URA chief at chamber breakfast
Created on Wednesday, 21 April 2010 10:40 Last Updated on Monday, 03 December 2012 19:20 Published on Wednesday, 21 April 2010 10:40 Written by Christian Morrow - Courier Staff Writer Hits: 1965
So when she introduced URA Executive Director Rob Stephany she told him to relax because he’d be preaching to the choir.
“He’s probably the most engaging director we’ve had,” she said. “We see him out in the community, and he’s been a big supporter of the August Wilson Center.”
|SEEING WHAT DEVELOPS—Urban Redevelopment Authority Executive Director Rob Stephany discusses new development strategies with members of the African American Chamber of Commerce as chamber president and CEO Doris Carson Williams looks on.
Stephany gave a brief history of the URA and its revitalization projects over the years and a summary of his own development history with Bloomfield-Garfield Corp. and East Liberty Development Inc. before Mayor Luke Ravenstahl tapped him to lead the authority.
While he cited URA successes such as the developments in Washington’s Landing, Frick Park and South Side Works, not all have had the desired spill-over effect of raising property values in adjacent neighborhoods.
“The property values on Washington’s Landing have increased substantially, but there has been no economic spillover into Troy Hill,” he said. “At Frick Park, next to Squirrel Hill, we’ve seen spill over along the one road that accesses the project, and all around the South Side Works, we’ve seen off-site appreciation of up to 225 percent.”
Stephany also pointed to Penn Avenue in Garfield as an example, noting that on one side there are $200,000 properties, while across the street are $16,000 properties.
“And it’s like that all the way to Wilkinsburg,” he said.
Though Stephany said the authority is known for its success in reviving former industrial sites like South Side Works and Frick Park, it is also known for white elephants like the Lazarus and Lord & Taylor stores. He said the authority is now looking at a smaller scale and more directed strategy to improve and stabilize neighborhoods.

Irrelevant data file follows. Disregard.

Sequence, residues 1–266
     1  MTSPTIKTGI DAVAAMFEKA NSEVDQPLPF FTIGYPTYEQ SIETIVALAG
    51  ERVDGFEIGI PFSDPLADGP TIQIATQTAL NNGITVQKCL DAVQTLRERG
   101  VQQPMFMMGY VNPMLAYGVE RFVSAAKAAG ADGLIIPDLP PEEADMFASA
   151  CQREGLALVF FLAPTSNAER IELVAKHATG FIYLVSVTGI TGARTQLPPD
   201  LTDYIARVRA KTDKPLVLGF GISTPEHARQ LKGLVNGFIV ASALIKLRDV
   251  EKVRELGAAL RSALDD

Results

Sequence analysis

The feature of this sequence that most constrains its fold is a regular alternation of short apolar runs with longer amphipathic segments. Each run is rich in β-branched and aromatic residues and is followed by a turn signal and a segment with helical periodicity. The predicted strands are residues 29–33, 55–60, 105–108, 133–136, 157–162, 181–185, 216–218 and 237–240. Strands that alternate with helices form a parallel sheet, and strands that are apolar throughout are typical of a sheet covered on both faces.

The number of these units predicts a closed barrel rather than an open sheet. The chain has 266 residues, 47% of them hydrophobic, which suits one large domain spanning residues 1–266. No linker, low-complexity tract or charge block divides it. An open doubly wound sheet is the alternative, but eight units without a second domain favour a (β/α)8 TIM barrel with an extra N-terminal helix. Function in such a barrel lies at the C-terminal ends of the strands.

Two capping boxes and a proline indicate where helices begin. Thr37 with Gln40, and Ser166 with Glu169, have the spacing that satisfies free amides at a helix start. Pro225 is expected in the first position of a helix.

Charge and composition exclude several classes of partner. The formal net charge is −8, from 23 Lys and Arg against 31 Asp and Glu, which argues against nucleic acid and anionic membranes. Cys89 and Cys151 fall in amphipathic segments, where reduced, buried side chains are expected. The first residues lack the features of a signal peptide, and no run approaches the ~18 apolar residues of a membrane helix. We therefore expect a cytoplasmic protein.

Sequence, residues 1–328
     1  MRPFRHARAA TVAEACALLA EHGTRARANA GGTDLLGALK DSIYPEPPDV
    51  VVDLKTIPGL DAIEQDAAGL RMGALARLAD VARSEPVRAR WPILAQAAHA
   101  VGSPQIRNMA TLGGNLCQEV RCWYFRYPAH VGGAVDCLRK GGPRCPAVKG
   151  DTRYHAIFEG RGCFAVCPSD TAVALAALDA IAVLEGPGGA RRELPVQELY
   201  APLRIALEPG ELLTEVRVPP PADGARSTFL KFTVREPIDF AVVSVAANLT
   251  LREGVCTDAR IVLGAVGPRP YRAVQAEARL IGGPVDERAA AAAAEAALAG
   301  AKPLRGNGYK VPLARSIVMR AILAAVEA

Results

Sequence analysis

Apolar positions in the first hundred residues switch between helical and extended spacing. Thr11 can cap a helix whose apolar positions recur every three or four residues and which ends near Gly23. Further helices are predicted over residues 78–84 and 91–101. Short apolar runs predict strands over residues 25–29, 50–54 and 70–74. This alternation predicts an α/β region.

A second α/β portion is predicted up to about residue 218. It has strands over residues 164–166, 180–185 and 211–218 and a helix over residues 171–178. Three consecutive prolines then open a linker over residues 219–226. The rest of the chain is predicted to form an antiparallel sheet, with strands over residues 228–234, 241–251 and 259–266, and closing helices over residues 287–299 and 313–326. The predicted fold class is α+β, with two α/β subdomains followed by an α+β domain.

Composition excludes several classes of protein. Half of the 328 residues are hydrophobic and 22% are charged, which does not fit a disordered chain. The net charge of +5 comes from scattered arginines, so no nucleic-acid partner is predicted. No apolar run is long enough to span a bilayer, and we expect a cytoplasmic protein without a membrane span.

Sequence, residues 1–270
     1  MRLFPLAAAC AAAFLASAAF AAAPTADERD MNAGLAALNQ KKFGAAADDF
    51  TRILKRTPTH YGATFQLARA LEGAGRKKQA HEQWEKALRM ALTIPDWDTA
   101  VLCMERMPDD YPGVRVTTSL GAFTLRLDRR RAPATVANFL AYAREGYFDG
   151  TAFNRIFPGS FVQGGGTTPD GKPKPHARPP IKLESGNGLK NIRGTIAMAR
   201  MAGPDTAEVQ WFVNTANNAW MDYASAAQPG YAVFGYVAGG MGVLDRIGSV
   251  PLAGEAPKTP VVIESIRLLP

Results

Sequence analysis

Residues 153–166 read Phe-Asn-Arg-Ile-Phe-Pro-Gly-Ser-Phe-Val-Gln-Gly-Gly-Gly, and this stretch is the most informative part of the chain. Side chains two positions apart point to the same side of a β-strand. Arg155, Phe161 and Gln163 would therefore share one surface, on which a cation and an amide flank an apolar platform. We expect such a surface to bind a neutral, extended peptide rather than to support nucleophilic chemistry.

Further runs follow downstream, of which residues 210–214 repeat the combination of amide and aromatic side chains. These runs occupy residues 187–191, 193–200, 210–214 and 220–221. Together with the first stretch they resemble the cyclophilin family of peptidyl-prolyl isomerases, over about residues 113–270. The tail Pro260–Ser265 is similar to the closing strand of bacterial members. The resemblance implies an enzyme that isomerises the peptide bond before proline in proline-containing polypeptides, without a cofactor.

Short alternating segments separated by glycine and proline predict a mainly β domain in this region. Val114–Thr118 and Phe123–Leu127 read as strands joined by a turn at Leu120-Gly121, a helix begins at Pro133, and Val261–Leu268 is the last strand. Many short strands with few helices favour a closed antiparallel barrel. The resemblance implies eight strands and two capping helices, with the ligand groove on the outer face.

“We’re now investing in ‘the edge,’ where stability meets instability,” he said. “All the neighborhoods we’ve invested in have improved, except the distressed neighborhoods—they’ve gotten worse. We have substantial investments in these neighborhoods, which raises the question: are they mis-investments?”
Stephany said the authority is moving from a “big bang, utopialand” strategy to a smaller-scale strategy.
“But ‘Main Street’ (retail) is still hard to do,” he said. “One bad Saturday can determine whether the rent gets paid or not. But it’s become clear that we need market-driven strategies instead of community development corporation-driven strategies.”
As if on cue, one audience member noted that on Wood Street, Downtown, small, unsubsidized businesses are popping up to take advantage of the increased retail demand created by the Point Park University expansion and the Piatt Place and Market Square redevelopment. So, there is some spillover from those large projects.
One point Stephany did not bring up was the future of the 28-acre site where the Mellon Arena now sits. But when asked, he said care should be taken, lest other initiatives get lost in shuffle.
Digital Daily Signup
Sign up now for the New Pittsburgh Courier Digital Daily newsletter!
- Cheerios ad with multiracial family prompts racist outcry (8)
- This Week In Black History (1)
- That intelligence agencies monitor our calls and Internet usage shouldn’t come as a surprise (1)
- Central Baptist Church hosts 'Spring Hat Sensation' at LeMont (2)
- Pitt hosts national summit tackling poverty research cuts (2)